It’s no great secret that The Peninsula Hotels across the globe have made luxury accommodations into a fine art. Now, the hotel group is aiming to make that premise more than a metaphor.
On Tuesday, the Peninsula is launching Art in Resonance, a new program that will feature commissioned immersive works from a roster of mid-career contemporary artists. The hotel, which is an official partner to Art Basel Hong Kong, is making the savvy decision to open its doors to the world of visual art by commissioning the artists to create works that will play out in its tony lobbies and hallways—all for the benefit of guests.
The Peninsula tapped three artists and an architectural collective to launch the program: American Janet Echelman focuses on larger-than-life “experiential sculpture,” which often responds to the elements such as wind and light; Chilean Iván Navarro creates sculptures using neon and incandescent lights; Australian Timothy Paul Myers works with found objects (often textiles from thrift stores and flea markets) to produce “upcycled” pieces; and the Chinese collective MINAX works with architecture. They’ve all been invited to participate in the inaugural edition of this multi-year-long project, which debuted on Tuesday—just preceding Art Basel Hong Kong‘s opening day—and will travel among the hotel group’s different properties. The works are meant to be “rooted in the physical world” according to its curators, but also contain more ephemeral considerations, such as linking guests and visitors across the globe by “physical experiences that amplify the senses and foster collective participation.”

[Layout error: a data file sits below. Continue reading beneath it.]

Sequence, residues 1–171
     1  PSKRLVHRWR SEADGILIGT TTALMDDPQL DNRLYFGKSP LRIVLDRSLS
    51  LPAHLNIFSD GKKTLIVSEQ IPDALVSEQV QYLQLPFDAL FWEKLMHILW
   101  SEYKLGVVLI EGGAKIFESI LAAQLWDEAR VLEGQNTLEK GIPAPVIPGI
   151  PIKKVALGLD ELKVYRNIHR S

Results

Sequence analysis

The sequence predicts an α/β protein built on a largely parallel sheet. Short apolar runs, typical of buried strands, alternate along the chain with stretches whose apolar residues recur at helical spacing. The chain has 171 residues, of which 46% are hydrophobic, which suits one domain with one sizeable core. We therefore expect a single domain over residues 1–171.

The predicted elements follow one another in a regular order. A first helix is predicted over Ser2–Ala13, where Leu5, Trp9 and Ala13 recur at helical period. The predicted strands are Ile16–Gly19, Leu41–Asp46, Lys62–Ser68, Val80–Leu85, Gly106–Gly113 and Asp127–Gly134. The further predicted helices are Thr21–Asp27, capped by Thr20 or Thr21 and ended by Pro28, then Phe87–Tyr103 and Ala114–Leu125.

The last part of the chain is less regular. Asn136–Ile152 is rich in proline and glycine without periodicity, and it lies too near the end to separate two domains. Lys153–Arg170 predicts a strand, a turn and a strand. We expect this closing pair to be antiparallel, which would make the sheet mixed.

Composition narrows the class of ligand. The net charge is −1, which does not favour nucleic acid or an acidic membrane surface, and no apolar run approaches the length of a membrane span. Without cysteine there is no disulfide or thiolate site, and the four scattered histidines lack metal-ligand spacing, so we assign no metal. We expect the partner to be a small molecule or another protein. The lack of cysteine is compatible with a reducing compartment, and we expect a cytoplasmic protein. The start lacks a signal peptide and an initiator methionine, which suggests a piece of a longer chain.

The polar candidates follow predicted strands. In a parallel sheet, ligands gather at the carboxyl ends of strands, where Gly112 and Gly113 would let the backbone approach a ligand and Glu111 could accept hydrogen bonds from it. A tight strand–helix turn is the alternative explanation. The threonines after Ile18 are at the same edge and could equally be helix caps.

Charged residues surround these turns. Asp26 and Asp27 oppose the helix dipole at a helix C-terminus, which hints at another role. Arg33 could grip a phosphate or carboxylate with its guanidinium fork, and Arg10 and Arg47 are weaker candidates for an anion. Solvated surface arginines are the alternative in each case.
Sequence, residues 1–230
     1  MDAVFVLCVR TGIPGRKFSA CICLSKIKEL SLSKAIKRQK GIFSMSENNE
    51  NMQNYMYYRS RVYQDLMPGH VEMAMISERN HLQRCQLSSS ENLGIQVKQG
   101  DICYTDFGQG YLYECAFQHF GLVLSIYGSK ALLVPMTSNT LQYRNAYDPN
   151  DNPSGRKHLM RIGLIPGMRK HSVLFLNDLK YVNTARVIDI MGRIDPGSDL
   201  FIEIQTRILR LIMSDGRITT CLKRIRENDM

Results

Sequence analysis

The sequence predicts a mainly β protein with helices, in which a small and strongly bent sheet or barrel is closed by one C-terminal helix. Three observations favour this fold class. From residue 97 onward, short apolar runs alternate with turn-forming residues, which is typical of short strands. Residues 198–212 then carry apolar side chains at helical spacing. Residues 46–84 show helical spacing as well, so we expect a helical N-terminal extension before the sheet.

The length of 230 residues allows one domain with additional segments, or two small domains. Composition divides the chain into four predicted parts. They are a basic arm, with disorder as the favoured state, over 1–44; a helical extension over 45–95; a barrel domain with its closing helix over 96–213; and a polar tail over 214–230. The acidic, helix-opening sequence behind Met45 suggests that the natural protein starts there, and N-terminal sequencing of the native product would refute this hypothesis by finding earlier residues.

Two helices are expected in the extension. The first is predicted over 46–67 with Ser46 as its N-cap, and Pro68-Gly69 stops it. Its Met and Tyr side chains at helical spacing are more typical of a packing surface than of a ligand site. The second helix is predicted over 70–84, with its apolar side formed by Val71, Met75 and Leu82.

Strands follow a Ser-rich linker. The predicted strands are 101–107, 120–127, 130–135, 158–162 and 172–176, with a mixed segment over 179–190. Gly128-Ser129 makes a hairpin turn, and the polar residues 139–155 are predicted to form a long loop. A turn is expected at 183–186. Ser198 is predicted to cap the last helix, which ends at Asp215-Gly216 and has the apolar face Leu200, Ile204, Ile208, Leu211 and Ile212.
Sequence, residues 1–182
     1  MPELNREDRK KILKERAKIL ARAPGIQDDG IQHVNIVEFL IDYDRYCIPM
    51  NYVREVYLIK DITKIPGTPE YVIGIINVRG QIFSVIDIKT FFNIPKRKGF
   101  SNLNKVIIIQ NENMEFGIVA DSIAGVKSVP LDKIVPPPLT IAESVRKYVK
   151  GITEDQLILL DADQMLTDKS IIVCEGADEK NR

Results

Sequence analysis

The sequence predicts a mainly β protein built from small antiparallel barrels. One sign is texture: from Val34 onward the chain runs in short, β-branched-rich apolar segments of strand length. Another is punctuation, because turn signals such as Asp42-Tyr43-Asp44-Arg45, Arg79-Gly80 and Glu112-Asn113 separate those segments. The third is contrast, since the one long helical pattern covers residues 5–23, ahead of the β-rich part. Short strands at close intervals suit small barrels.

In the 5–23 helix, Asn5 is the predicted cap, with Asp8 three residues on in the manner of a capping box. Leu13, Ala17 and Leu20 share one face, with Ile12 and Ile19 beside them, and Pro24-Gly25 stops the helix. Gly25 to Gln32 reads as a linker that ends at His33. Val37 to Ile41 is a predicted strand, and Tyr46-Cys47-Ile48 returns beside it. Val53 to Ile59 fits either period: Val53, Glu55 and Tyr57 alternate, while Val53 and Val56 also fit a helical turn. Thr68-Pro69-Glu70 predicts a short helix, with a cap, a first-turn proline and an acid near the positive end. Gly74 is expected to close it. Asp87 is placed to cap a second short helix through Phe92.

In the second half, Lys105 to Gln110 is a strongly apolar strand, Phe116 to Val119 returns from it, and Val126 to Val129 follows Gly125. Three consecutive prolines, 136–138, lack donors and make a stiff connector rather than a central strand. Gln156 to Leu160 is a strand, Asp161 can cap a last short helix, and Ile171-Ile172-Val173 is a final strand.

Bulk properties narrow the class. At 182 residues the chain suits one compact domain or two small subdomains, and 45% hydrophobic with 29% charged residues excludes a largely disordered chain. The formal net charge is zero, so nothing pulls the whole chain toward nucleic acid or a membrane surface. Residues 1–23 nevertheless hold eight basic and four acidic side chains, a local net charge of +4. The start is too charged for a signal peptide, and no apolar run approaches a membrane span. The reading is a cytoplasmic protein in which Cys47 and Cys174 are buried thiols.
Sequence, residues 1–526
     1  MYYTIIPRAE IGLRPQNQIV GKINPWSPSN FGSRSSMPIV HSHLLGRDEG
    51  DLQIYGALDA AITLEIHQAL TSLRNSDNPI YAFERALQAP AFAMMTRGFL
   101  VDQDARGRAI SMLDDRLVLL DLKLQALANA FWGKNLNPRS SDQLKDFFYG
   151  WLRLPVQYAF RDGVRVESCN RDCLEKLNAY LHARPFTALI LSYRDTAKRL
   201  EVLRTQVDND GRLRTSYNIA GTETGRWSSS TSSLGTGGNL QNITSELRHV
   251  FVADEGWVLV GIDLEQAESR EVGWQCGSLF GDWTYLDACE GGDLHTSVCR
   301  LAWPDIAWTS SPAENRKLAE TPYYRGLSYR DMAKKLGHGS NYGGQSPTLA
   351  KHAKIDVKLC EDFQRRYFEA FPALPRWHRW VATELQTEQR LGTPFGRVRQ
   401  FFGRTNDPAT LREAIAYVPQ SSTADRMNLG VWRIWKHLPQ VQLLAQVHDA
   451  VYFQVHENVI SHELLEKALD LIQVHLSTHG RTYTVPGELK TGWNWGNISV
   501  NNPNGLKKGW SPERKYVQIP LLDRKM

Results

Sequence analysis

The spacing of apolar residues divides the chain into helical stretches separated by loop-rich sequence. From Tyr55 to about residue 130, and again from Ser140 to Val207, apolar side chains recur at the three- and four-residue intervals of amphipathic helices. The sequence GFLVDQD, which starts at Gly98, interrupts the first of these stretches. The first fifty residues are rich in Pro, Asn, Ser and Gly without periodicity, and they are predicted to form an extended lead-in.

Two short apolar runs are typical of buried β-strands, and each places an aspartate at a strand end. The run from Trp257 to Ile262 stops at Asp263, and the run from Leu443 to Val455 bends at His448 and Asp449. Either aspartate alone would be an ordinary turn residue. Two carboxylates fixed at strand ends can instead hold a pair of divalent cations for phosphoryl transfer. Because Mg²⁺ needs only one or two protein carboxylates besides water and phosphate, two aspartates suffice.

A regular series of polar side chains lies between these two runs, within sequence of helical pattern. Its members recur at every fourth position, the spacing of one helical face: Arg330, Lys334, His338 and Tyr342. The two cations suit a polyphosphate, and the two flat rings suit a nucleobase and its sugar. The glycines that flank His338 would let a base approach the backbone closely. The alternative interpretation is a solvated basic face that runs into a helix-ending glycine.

“As a global luxury hotel brand with a 90-year legacy, we understand the important place that art holds for humanity,” says Peter Borer, CEO of The Hongkong and Shanghai Hotels, Limited, which owns and operates The Peninsula Hotels. “It’s an inclusive, universal language that crosses borders and builds connections.”
To that end, the hotels will also be scheduling IRL interactive events like artist talks, studio visits, and panel discussions to help fill out this program. “We not only want to provide artists with a platform to exhibit, but we want to commission original pieces to support working artists and ensure the health of the cultural ecosystem within each of the hotel’s local communities,” Borer said.
As Airbnb gains popularity, it’s wise for hotels to create ways to engage with the communities they’re placed within and position themselves more than just a place to park your belongings and catch some Zs. Art, of course, seems a natural way for The Peninsula to do just that. And allowing artists to create situations that are likely to inspire some Instagram selfies and sharing is not only a great way for visitors to feel like the hotel is creating a special experience for them, it’s also free marketing. Savvy and artsy? Count us in.